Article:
It is stunning that in all the reporting about the now-failed negotiations between the United States and the Taliban to bring about an end to the war in Afghanistan , a vital aspect has been missing in action: NATO and its Resolute Support Mission, which replaced the International Security Assistance Force in 2014.

In addition to the United States, 38 countries have more than 8,000 troops serving in Afghanistan. How any peace agreement was being shaped outside the Afghan government of President Ashraf Ghani was bad enough, smacking of the Paris Peace Accords that ended the Vietnam War and, shortly thereafter, the Republic of South Vietnam.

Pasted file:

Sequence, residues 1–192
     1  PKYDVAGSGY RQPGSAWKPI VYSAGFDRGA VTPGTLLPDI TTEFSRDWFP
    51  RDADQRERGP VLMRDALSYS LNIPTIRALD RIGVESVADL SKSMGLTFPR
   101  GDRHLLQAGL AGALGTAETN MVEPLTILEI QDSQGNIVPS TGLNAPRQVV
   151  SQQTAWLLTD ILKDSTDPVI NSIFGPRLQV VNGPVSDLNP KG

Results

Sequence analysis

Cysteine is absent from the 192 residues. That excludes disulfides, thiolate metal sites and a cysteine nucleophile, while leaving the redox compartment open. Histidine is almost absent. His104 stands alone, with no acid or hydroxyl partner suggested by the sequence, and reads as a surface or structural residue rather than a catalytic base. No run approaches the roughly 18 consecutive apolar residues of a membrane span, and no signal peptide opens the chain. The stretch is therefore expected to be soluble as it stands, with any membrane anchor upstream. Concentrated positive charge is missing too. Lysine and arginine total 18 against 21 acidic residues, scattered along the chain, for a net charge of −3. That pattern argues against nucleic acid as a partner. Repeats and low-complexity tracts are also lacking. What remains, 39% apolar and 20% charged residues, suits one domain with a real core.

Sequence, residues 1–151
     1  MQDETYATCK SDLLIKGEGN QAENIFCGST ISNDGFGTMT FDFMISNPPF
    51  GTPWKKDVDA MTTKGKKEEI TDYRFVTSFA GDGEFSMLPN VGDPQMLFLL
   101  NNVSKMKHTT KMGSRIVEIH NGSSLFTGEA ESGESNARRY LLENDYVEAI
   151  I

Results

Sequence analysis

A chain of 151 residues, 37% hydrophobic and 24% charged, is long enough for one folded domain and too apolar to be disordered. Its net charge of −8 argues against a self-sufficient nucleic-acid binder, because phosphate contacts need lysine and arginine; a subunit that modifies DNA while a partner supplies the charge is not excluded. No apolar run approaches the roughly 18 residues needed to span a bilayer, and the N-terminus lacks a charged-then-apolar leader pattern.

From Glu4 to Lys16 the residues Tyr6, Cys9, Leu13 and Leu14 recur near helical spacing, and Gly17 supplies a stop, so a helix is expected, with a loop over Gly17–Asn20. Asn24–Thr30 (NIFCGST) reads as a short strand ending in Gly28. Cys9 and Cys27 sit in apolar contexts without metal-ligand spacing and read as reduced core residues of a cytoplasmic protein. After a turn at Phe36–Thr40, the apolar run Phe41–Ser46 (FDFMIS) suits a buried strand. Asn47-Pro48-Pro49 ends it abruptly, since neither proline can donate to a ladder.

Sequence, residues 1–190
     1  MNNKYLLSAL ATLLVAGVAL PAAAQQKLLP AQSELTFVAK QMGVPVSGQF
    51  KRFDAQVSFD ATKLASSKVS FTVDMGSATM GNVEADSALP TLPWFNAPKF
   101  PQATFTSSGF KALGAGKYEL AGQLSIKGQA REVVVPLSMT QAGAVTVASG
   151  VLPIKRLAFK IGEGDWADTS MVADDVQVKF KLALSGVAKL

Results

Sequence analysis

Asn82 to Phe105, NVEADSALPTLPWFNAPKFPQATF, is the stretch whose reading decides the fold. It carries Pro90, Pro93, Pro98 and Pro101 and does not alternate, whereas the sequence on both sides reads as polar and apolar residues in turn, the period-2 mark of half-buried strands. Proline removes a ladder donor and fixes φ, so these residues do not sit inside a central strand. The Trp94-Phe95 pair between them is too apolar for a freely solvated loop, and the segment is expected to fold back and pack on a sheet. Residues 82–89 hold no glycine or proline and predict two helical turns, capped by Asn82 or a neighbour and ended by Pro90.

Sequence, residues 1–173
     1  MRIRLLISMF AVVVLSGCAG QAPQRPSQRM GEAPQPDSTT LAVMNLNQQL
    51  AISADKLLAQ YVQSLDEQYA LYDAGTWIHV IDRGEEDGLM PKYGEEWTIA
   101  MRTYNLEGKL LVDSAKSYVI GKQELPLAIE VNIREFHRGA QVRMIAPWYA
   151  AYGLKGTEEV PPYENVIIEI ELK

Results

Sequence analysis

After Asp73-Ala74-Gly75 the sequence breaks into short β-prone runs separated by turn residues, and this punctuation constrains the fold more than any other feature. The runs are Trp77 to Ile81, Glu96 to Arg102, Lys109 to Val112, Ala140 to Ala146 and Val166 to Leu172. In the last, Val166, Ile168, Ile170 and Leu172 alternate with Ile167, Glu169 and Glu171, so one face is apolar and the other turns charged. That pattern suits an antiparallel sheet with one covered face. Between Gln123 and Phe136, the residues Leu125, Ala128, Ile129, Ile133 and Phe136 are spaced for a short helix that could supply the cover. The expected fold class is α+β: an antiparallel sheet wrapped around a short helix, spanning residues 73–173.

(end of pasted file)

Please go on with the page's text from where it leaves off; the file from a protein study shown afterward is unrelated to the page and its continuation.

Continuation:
But to omit our loyal allies, many of whom have been in Afghanistan for nearly as long as we have, is incompetence and arrogance on steroids on the part of the administration. And shame on the media that failed to report on this, too.

What, indeed, were our friends and allies going to do and what roles if any were they to play had an agreement been reached? The world wonders.

Harlan Ullman, Washington

The writer is a senior adviser at the Atlantic Council and author of "Anatomy of Failure: Why America Loses Every War It Starts."